Short thoughts on French and Russian Revolutions

The French Revolution was caused, primarily, by a confluence of three factors:

  1. Bad harvests=> to starving peasants. Starving peasants will risk death for food.
  2. The gov’t went deep into debt to fund expensive wars and could extract no more taxes from the starving peasants.
  3. The legal system was crusty and inefficient, due to old age.

The Russian Revolution was primarily caused by WWI:

  1. It was far more expensive than Russia could afford,
  2. Unarmed peasants ordered to fling themselves in front of German machine guns react a lot like starving peasants told to go eat cake
  3. Probably a lot of starving peasants.

I don’t know if the Russian legal system was as crusty as the French one, but the whole thing was run by Nicholas, which is not a good sign.

In both cases, the immediate priority for the revolutionary gov’t ought to be halting the deaths of the peasants. Things like standardizing weights and measures or executing the monarch, whether you like those ideas or not, far fall, fall below “getting people bread” and “getting rid of the machine guns.”

Unfortunately, at least in the Russian case, instead of replacing their old, peasant-starving gov’t with a gov’t sensitive to the caloric needs of its people, they replaced it with a gov’t that was massively better at not getting overthrown by starving peasants.

Leading promptly to the starvation of millions of people.

13 thoughts on “Short thoughts on French and Russian Revolutions

  1. Those two revolutions differed from common peasant rebellions. Both revolutions had a group of elite intellectuals providing a framework for an entirely new system of government – and thus providing “revolutionary legitimacy” for totally changing system of government. Prior peasant rebellions were against individual kings/dynasties, but revolutionary rebellions were against Monarchism in general.

    When a rebellion is against poor king, the rebellion is for actual good government. When a rebellion is against a total regime, it’s likely that it’s not for good government – but for different government.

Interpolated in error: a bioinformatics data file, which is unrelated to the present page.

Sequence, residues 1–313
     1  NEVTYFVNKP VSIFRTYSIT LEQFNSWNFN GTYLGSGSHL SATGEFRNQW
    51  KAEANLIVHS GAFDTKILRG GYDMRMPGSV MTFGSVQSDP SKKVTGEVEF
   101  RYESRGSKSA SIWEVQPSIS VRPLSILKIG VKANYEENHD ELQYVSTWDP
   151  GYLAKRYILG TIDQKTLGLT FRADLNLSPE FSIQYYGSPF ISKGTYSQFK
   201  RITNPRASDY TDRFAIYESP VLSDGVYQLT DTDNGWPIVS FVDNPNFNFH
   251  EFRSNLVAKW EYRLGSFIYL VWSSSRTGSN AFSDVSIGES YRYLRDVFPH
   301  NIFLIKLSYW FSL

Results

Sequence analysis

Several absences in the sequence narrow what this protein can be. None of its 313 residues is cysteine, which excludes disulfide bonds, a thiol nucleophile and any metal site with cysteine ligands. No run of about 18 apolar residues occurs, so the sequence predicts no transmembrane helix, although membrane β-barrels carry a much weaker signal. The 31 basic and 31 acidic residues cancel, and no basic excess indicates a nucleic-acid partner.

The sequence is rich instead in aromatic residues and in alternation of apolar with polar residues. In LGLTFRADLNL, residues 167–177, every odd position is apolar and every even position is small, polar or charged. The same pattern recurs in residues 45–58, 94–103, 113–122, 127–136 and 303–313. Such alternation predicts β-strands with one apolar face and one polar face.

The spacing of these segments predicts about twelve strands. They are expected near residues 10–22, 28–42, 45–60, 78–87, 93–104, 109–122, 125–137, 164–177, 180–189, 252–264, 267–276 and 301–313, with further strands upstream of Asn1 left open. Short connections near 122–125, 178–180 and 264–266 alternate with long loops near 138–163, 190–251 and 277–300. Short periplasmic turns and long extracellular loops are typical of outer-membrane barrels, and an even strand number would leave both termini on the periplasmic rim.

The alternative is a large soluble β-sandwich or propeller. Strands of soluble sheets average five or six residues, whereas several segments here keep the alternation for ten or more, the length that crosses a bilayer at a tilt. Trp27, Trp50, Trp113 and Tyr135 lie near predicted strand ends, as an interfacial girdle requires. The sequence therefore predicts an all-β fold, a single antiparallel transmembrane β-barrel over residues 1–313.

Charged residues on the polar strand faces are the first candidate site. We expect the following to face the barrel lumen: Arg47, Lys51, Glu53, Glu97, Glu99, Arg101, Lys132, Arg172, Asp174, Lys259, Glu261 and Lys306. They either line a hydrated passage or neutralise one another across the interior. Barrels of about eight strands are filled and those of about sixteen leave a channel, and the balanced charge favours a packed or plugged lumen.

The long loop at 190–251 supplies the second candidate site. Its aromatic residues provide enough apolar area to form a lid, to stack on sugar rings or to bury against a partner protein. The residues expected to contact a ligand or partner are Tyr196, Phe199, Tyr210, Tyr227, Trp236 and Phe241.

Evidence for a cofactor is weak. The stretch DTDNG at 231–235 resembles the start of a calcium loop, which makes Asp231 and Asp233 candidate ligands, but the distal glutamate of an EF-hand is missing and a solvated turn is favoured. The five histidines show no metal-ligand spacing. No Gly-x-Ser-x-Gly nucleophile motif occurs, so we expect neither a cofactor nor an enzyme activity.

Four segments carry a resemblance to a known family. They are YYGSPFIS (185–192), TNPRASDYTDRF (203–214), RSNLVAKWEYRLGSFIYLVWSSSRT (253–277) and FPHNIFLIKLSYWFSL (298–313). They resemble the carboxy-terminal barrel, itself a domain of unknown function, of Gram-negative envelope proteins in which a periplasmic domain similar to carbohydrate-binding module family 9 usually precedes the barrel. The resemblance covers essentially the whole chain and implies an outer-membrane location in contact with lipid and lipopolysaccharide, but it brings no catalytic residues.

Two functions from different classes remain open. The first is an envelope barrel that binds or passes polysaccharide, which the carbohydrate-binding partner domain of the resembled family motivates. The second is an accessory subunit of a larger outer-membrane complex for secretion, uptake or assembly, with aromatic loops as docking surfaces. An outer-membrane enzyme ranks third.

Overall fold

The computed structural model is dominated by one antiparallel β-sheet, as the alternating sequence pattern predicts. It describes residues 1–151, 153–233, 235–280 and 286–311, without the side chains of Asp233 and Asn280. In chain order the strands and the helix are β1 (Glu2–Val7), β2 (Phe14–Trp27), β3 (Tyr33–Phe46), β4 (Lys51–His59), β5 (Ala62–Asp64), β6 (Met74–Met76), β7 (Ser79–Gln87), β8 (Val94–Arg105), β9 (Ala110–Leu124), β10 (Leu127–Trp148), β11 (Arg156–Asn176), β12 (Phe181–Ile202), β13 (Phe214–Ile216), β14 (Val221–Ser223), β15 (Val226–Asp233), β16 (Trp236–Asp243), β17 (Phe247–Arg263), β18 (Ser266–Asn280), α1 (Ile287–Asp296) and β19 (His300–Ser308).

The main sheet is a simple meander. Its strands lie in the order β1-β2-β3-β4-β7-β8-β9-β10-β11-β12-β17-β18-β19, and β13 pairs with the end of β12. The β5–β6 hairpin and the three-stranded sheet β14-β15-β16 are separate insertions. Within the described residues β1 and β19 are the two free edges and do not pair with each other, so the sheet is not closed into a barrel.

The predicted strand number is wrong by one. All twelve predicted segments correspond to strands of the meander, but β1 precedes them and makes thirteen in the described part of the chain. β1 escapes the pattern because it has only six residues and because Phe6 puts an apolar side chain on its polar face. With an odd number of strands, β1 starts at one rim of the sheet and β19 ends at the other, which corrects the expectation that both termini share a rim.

Liked by 1 person

    • Seeing the French revolution led to what many have described as one of the first genocides, “The war in the Vendee”. The Vendee was the region with the least urban aristocracy, which apparently meant that the peasants generally backed the royalists or opposed the revolutionaries to a greater extent than elsewhere.

      Also in the case of the American revolution, the Caribbean and Canadian territorities remained under British control so loyalist could be expelled/flee to culturally similar regions rather than have to remain and live with the rebel government.


  2. Following up on Denswend, Eric Hoffer makes the case in THE TRUE BELIEVER that the Russian revolution was greatly enabled by the liberation of Russian serfs fifty years prior. One has to wonder how things would have played out if, during WWI, the Russian infantry were still serfs.

    Liked by 1 person

  3. Peasants have often gone hungry. If hungry peasants explain the French and Russian revolutions, your next assignment is to explain why history doesn’t record far more revolutions than it does.


    • Hungry peasants have often revolted.
      French Revolution happened right around a nadir in the “little ice age,” kicked off immediately a big hail storm wiped out a big chunk of crops, and liberalization of trade with England put a bunch of people in textiles out business.

      IIRC, English Revolution also happened around the time of another nadir.


  4. I think you’re leaving out the most significant commonality: liberal reform-minded monarchs, who buddy up to the bourgeoisie/merchant class in the hopes of aggrandizing their power.


    • We discussed monarchs in the previous post on the subject, but the reforming power grabs by Louis XIV and Peter the Great predated the revolutions by a good hundred years or so, so I still think it reasonable to consider possible immediate triggers.


Leave a Reply

Fill in your details below or click an icon to log in: Logo

You are commenting using your account. Log Out /  Change )

Google photo

You are commenting using your Google account. Log Out /  Change )

Twitter picture

You are commenting using your Twitter account. Log Out /  Change )

Facebook photo

You are commenting using your Facebook account. Log Out /  Change )

Connecting to %s